This week we continue our "quick" look at the Ruy Lopez, now starring lines with 5.d3 and 6.d3. It's a surprisingly poisonous approach for White, one that has been successfully used all the way up the food chain to Magnus Carlsen. It can be used as a geniune weapon, and it's not at all clear that Black has some way of achieving a foolproof equality. (I'm not claiming that White has a certain edge, either, only that it's still a live option for White.)
Additionally, it's practical for White, in two ways. First, it's comparatively easy to learn and understand, and it's not necessary to know all that much theory to do a reasonable job with it. Second - and this may be its biggest selling point - it cuts out the Marshall Gambit, the main lines of the closed, and even the Open if you play d3 on move 5. Objectively, I suspect that the main lines, when well-understood, give White his best chance of proving an edge. As an interim measure, however, and also for a bit of variety I think the d3-systems are worth trying from time to time - especially those who don't want to spend the time learning the rich but extensive theory of the Ruy's main lines.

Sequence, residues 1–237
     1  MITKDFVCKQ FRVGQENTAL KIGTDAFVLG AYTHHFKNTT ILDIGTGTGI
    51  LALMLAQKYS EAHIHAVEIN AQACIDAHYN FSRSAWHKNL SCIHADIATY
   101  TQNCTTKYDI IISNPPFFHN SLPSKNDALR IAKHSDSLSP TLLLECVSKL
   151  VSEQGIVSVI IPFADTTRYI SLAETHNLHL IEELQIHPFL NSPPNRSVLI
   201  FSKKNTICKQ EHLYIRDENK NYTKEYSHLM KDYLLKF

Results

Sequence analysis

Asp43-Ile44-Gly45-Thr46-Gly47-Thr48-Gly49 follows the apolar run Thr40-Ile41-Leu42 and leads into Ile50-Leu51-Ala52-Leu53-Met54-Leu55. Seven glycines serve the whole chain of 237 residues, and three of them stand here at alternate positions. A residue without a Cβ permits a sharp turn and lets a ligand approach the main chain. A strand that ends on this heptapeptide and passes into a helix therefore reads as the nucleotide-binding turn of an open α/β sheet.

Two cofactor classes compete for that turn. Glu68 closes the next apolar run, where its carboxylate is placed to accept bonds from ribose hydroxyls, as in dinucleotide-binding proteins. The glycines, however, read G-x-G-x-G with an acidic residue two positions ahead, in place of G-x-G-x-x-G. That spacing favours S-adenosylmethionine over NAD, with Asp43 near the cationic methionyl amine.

So you might have a look at my ChessVideos show this week, where I cover these d3 lines and present Carlsen's smashing win over Veselin Topalov from the Nanjing tournament that took place exactly a year ago come Tuesday. As always, the show is free (one-time free registration is required) and will be available on-demand for the next month or so.